OXFORDSHIRE medics who went to West Africa to battle Ebola have won medals for bravery.

Dr Laura Lopez Pascua and Dr Bethan McDonald volunteered to help tackle the deadly outbreak of the virus when it hit the international headlines in 2014.

The pair, who work for Oxford University Hospitals Foundation Trust, signed up to use their skills to help patients.

Now, more than a year later, the UK Government has given them Ebola Medal Awards for Service in West Africa.

The medics were presented with their medals by trust chairwoman Dame Fiona Caldicott in front of the hospital’s board of directors.

Dame Fiona said: “We would like to commend their efforts and their work. The medals specifically recognise those who tackled the crisis and dangerous environment in West Africa. It’s a matter of great pride to the trust.”

Dr Pascua, a genomics clinical scientist trainee at the medical genetics laboratories, and Dr McDonald found it a difficult but rewarding experience.

Dr Pascua said: “It was a really rewarding experience, but very difficult.

“We are very lucky to have the NHS. I always knew that, but being there I saw how very trivial health problems that we can deal with are almost a life sentence there.”

Dr McDonald, a speciality registrar in public health, added: “It was challenging, emotionally difficult at times, but working with a great bunch of people.”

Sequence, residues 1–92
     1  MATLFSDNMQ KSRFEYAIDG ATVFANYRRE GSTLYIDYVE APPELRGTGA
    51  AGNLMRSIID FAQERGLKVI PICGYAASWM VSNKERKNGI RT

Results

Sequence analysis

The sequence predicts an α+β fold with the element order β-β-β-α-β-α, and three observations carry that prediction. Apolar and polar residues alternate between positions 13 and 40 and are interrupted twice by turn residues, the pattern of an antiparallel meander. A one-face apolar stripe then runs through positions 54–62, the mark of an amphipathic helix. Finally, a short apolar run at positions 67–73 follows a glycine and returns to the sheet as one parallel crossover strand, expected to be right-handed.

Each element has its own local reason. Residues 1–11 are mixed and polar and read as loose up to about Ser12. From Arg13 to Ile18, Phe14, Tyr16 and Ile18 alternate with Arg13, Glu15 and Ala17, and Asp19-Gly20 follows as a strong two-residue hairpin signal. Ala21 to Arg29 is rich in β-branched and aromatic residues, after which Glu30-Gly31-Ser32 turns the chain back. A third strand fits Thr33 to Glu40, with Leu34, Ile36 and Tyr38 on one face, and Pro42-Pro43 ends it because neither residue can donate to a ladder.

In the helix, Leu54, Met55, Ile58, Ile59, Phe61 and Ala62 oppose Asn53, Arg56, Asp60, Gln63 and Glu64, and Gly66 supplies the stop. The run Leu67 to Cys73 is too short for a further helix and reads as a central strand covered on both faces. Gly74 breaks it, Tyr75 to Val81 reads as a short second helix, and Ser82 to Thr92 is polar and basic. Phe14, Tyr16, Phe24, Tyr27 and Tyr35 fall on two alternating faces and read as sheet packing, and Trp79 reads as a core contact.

The pair spent five weeks each working in a laboratory in Sierra Leone, testing blood samples.

Dr Pascua said she was amazed to see the co-operation between the country’s public health, charities and NGOs.

She added: “I only have good things to say about Sierra Leone. The country is absolutely beautiful and the people are extremely warm and welcoming.”

Dr McDonald said: “My experience in Sierra Leone was enlightening, challenging and rewarding.

“We were warmly welcomed by the local population and the Sierra Leonean health workers and outbreak responders.”

The medals were announced in June, the first time a medal has been created to recognise those who have tackled a humanitarian crisis, and 3,000 people so far have won it.

Chloe Eaton, clinical scientist in microbiology at the trust, was also awarded the medal, but has since left to work in Cambridge.